Borrowing costs

Facing high inflation and high borrowing costs in emerging and developing countries

As the old saying goes, all good things come to an end. The days of low inflation and easy global financial conditions are over. Many emerging markets and developing economies (EMDEs) have recently experienced an unpleasant combination of high inflation and rising borrowing costs. At 8.5% in March 2022, inflation in EMDEs reached its highest level since 2008 (Chart 1). In advanced economies, inflation is now reaching its highest level since 1991. Global financing conditions are tightening as major central banks in advanced economies are expected to raise policy interest rates at a faster pace than expected to contain inflationary pressures.

Figure 1. Consumer price index inflation, 1990 – 2022

Sources: Ha, Kose and Ohnsorge (2021); World Bank.
Note: The latest observation is for March 2022 and includes group median year-on-year inflation for 81 countries, of which 31 are advanced economies and 50 are EMDEs.

Amid deteriorating growth prospects, EMDEs are likely to continue to face high inflation and more onerous borrowing conditions. To cope with high inflation and high borrowing costs, the policies of these economies will require prudent measures calibration, credible frames and clear Communication. This is easier said than done, especially when fiscal space is limited and financial vulnerabilities are high. However, sticking to certain policy-making principles can pay off big in making these economies more resilient as they navigate uncharted waters.

Monetary policy: tighten with caution

For monetary policy, it will be essential to calibrate policy levers within a clear and predictable framework to outpace inflation without stifling the recovery. Many EMDEs had already begun to tighten monetary policy long before the war in Ukraine to stem inflationary pressures. The average key rate in EMDEs is now higher than the average for the 2010s (Chart 2).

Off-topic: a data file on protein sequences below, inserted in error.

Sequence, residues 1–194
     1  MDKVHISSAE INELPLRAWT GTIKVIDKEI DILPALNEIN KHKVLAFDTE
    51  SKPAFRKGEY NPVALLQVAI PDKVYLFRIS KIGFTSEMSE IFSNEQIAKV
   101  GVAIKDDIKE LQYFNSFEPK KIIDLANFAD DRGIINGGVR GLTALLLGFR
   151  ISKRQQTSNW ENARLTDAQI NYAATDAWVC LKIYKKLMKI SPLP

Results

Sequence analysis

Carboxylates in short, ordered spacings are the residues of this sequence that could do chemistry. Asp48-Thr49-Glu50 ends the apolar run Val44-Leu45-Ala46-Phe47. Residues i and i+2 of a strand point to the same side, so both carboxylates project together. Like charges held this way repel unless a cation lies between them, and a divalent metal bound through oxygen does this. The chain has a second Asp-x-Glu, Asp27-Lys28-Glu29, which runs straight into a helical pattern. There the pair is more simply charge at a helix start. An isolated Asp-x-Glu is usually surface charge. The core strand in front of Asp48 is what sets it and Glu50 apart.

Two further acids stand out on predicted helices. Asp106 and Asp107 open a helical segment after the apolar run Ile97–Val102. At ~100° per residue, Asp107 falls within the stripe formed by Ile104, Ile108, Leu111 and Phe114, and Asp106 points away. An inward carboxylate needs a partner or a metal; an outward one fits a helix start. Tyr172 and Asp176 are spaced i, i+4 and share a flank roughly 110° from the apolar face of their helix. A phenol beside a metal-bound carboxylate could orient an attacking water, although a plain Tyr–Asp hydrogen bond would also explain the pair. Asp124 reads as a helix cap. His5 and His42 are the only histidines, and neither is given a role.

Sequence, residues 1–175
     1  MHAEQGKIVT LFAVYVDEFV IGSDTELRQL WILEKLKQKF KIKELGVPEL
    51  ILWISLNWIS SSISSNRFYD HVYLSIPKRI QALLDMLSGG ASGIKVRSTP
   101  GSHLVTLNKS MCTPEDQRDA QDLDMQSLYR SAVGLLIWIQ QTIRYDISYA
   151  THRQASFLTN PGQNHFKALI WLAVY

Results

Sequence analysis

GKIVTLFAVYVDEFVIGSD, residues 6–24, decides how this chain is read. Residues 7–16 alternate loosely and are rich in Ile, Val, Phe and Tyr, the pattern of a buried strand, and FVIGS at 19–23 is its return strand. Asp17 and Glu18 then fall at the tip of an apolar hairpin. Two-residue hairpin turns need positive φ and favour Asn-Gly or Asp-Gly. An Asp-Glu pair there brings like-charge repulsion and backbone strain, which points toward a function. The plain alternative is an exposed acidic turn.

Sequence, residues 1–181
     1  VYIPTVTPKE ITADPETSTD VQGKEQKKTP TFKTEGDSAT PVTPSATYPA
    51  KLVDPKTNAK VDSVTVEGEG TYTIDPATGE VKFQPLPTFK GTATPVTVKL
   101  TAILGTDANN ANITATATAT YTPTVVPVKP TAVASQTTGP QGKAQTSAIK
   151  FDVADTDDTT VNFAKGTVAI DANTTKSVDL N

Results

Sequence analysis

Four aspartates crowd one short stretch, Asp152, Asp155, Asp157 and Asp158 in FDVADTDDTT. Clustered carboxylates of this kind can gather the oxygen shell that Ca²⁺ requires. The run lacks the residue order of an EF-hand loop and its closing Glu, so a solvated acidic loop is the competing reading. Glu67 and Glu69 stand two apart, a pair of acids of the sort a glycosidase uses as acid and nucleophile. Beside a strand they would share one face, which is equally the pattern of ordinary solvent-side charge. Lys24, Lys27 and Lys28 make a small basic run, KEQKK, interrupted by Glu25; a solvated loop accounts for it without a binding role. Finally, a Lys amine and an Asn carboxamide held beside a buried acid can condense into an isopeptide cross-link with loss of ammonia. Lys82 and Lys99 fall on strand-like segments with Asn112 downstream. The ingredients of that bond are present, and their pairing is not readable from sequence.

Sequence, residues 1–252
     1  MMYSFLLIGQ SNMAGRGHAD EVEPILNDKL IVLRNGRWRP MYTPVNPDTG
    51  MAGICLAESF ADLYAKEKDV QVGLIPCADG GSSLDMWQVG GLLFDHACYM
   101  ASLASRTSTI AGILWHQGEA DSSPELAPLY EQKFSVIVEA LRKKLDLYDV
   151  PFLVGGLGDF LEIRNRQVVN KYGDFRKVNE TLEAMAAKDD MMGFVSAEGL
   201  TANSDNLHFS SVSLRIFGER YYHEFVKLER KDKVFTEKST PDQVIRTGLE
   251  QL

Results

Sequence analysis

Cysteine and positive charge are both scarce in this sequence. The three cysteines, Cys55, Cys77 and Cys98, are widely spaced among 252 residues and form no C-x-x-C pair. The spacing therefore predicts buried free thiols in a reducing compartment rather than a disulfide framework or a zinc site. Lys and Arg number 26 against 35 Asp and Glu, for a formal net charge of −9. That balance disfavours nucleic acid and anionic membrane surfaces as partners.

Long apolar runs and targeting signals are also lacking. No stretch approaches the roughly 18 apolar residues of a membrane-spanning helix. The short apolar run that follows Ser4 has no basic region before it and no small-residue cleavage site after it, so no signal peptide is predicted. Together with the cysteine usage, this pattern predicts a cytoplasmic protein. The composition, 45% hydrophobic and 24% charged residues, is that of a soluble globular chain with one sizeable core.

Figure 2. Monetary policy rates in EMDEs, 2019 – 2022

Chart of monetary policy rates in EMDE, 2019 - 2022

Sources: Bloomberg, Haver Analytics, World Bank.
Note: The sample includes 22 EMDEs and nominal policy rates using real GDP as weights. The last observation is from March 2022.

Going forward, clearly communicating monetary policy decisions, leveraging credible monetary frameworks, and safeguarding central bank independence will be essential to manage the circuit in these economies. To further anchor low inflation expectations, policymakers need to communicate effectivelynot only with the financial markets, but also with households and businesses.

Financial policy: containing risks

On the financial side, policymakers need to rebuild buffers and realign prudential policy to prepare for possible financial strains. During the pandemic, at least three-quarters of EMDEs have implemented regulations abstention measures to avoid a credit crunch. many governments supported business loans address liquidity constraints through loan guarantees and payment moratoriums.

In light of these past interventions, the banking system’s exposures to exchange rate and refinancing risks need to be carefully monitored and, if necessary, mitigated through macro and microprudential policies. Credit quality and non-performing loans should be reported transparently so that corrective action can be taken quickly. Banks’ capital and liquidity buffers need to be strong enough to absorb shocks. If deployed appropriately, buffers can help stem temporary exchange rate pressures.